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US fines school for turning down teen with HIV

September 13, 2012 15:15 IST

The United States administration has fined a school in Pennsylvania for barring admission to a 13-year-old with HIV saying it violated American law.

The Milton Hershey School in Pennsylvania said it had 'discontinued processing' Abraham Smith's application when it learned he had the virus that causes AIDS, according to a copy of the legal settlement released on Wednesday, the Huffington Post reported.

The school for lower income and socially disadvantaged students is financed by a trust that holds the controlling interest in candy manufacturing giant The Hershey Company.           

The school, which serves disadvantaged children 4-17 years old, said the decision was the result of an 'analysis of potential risks to other students and the legal rights of Abraham Smith or other applicants with HIV'.

The justice department said that while the school 'did not act with malice or animus' toward Smith, it was unable to show how admitting him or other HIV-positive students  would endanger others.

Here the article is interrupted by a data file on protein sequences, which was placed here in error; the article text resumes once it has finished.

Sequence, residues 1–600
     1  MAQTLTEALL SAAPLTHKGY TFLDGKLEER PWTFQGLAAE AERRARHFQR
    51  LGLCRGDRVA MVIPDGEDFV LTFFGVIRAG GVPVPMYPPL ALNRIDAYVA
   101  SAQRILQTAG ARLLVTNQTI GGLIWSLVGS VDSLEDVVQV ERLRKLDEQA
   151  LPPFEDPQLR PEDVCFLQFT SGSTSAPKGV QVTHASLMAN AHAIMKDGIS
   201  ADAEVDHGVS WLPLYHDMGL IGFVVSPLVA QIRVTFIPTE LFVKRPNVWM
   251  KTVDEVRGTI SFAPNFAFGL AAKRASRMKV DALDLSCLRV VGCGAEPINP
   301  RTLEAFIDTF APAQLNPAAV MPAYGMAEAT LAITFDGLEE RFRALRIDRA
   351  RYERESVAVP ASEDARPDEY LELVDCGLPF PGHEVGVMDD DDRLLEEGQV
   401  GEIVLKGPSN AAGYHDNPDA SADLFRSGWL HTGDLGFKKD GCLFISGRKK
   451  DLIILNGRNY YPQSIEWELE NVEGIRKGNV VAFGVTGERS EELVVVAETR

The government concluded that the school had violated the Americans with Disabilities Act and ordered the school to pay $700,000 to the Smith family and an additional $15,000 in fines.

As part of the settlement, the government has pledged not to take legal action against the school and the school has pledged not to exclude people with disabilities, including HIV, the justice department said.

The private boarding school is also now developing training on HIV-related issues for its employees and students. School officials previously said the boy was denied admission because a chronic communicable disease would pose a threat to the health and safety of the students.

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